While we might want to emphasise the survival elements of the setting, it’s probably a mistake to enforce the extreme micro-management of a player character’s inventory that might be implied. 
We want characters to be concerned with what and how often they eat, what and how often they drink, and also picking up random junk items to sell or to salvage for repairs and upgrades to their possessions. We just don’t want to go into too much detail. The key is therefore going to be abstraction. Food, drink, and junk need to become resources that are easily managed. 
Fortunately for me, I’ve actually been working on rules for a survival horror game so this is a problem I’ve already dedicated some brainpower to solving. Therefore I already have some ideas on this front—The ideas below take those original concepts and attempt to rebuild them in a way that fits the 5e rules.

Food and Water

Food is abstracted into meals, drinks, and snacks. Players should either keep track of their own food and drink supplies or the group may designate a volunteer as their quartermaster.

Starvation and Deydration

A character needs at least two meals worth of sustenance and two bottles worth of water (or equivalent hydration) each in-game day.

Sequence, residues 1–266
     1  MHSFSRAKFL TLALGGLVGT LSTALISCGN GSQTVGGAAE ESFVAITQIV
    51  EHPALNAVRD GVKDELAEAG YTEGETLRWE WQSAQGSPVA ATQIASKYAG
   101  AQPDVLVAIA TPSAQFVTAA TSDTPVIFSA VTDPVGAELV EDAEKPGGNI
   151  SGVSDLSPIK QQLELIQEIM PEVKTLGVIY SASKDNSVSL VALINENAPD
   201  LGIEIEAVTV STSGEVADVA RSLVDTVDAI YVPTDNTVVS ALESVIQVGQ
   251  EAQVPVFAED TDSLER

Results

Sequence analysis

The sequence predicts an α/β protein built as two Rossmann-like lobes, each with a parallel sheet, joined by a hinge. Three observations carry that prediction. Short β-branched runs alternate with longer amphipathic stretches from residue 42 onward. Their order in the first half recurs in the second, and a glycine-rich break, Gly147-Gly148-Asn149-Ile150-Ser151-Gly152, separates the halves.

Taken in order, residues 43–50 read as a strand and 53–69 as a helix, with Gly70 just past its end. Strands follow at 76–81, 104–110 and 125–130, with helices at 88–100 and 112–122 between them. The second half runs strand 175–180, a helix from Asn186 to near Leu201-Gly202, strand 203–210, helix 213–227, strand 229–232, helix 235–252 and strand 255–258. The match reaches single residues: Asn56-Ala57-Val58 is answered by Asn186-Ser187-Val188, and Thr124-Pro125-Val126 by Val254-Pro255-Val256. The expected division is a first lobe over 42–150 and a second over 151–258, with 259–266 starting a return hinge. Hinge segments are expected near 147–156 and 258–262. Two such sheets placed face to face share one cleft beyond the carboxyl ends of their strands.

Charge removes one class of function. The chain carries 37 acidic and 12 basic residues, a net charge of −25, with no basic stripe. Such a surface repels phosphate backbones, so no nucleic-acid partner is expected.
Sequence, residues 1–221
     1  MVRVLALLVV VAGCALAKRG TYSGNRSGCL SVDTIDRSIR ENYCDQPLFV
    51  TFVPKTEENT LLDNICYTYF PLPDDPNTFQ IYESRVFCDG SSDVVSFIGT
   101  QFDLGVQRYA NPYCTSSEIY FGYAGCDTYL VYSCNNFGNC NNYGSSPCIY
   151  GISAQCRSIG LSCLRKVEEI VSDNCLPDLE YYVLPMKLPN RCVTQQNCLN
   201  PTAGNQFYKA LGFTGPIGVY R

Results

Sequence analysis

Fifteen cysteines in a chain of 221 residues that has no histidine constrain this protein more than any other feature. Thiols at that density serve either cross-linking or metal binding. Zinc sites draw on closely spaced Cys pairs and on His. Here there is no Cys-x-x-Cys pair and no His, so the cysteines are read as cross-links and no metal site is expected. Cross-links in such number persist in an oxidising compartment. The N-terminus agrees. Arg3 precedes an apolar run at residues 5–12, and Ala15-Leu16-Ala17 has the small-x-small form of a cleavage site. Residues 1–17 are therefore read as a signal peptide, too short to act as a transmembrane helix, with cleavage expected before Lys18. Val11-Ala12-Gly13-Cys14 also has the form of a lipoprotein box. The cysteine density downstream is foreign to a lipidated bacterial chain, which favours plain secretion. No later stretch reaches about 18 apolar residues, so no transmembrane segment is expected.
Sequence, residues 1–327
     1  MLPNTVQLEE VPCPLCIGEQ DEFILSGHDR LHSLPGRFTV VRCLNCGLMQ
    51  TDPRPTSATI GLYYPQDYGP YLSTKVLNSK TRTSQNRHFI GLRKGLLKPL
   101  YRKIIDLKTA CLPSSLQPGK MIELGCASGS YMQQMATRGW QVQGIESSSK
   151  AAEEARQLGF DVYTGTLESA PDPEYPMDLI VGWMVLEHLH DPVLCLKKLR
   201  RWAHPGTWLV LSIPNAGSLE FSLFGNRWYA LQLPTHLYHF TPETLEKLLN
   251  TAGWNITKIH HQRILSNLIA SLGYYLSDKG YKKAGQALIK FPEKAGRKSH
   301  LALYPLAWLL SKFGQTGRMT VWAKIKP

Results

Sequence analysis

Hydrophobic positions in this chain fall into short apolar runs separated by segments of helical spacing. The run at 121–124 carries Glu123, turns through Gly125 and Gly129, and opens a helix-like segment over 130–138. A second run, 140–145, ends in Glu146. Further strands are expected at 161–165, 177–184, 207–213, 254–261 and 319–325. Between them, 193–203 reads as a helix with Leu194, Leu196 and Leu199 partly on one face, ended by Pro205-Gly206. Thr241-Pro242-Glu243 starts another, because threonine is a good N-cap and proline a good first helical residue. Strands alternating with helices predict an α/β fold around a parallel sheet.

Every day that a character goes without one or both of their meals, they gain that many points of Starvation. Similarly, going without one or both bottles of water gains that many points of Dehydration. 

When a character has points in Starvation or Dehydration, they must make a Constitution saving throw at the beginning of the following day (usually after their next long rest). The DC is 8 + their starvation points + their dehydration points.  Failure reduces the character’s Exhaustion track by one step. This Exhaustion is permanent until the character properly feeds and hydrates themselves for at least one day (see below). Success means that the character is ignoring the effects of their hunger and/or thirst, for now.